To study internally generated inhibition, Brass and Haggard used a variant of the temporal judgment task developed by Libet et al. (1983). Fifteen healthy subjects were required either to make spontaneous key presses while watching a rotating clock hand (action condition) or, in some trials freely selected by the subject, to cancel the pending response at the last possible moment (inhibition condition) [Brass and Haggard (2007), their Fig. 1 (http://www.jneurosci.org/cgi/content/full/27/34/9141/F1)]. After each trial, the clock hand continued to rotate for a random time then stopped, and participants had to report the time when they first felt the will to move by using a trackball to position a cursor at the right time on the clock face. As a control, in separate blocks, participants were asked to indicate the timing of the onset of a tone, which was delivered with a delay similar to the reaction time of key presses measured in action trials. While subjects were performing the task, the blood oxygenation level-dependent (BOLD) signal was recorded using event-related functional magnetic resonance.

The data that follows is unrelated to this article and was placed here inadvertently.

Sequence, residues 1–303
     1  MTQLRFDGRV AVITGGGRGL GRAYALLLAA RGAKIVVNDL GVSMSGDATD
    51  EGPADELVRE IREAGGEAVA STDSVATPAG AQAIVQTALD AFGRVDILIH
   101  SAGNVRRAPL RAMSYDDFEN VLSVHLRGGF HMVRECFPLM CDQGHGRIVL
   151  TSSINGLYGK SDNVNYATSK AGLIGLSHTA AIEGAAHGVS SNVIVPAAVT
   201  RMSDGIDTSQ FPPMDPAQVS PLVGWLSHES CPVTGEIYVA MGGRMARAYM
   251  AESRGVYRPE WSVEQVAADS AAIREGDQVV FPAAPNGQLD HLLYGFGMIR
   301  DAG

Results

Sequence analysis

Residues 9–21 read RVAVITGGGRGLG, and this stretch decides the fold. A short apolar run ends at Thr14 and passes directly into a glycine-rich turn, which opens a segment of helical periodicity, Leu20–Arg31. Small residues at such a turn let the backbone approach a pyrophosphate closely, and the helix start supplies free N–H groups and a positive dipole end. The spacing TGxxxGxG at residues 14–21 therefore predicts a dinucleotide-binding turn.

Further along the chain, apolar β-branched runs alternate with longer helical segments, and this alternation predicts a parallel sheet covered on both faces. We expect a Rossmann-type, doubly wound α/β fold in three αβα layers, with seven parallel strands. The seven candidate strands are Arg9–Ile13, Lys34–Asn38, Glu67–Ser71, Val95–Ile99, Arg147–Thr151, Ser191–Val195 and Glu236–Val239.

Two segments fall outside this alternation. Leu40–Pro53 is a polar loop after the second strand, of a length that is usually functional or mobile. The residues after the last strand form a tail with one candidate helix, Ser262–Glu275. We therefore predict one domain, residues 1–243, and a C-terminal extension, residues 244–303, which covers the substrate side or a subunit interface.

As expected, participants reported that, on average, they experienced the will to move 141 ms before pressing the key. The inhibition trials showed great interindividual differences, ranging from 28 to 62%. By contrasting the inhibition with the action condition three areas of the brain showed significant activation: the left dFMC, the left and right anterior ventral insula, and the left superior temporal sulcus [Brass and Haggard (2007), their Fig. 2 (http://www.jneurosci.org/cgi/content/full/27/34/9141/F2), Table 1 (http://www.jneurosci.org/cgi/content/full/27/34/9141/T1)]. Crucially, the reverse contrast, that is the difference between action and inhibition trials, showed an increase in the BOLD signal in motor-related regions (e.g., the primary sensorimotor cortex), but not in those areas involved in the preparation of spontaneous actions, such as SMA and the pre-SMA (Lau et al., 2004; Nachev et al., 2005). Vice versa, by separately comparing action and inhibition conditions with the control condition a significant activation of both SMA and pre-SMA was revealed [Brass and Haggard (2007), their Fig. 3 (http://www.jneurosci.org/cgi/content/full/27/34/9141/F3)]. Because in the control condition subjects did not prepare or execute any voluntary movements, these results indicate that in both the action and inhibition trials they were generating self-initiating actions. Then, in just the latter condition, the intention to act was stopped. Brass and Haggard (2007) argued that the core of this process lies in the activation of dFMC. Two findings support this interpretation. First of all, the degree of activation of the dFMC in the inhibition condition was positively correlated with the proportion of inhibition trials of each subject. Second, activity in dFMC was negatively correlated with the activation of primary motor cortex. This last finding, plus the fact that dFMC is anatomically well segregated from brain regions involved in internally driven actions, supports the view that the role of dFMC in endogenous inhibition is to produce a specific top-down control signal which halts the neural processes translating intentions into acts.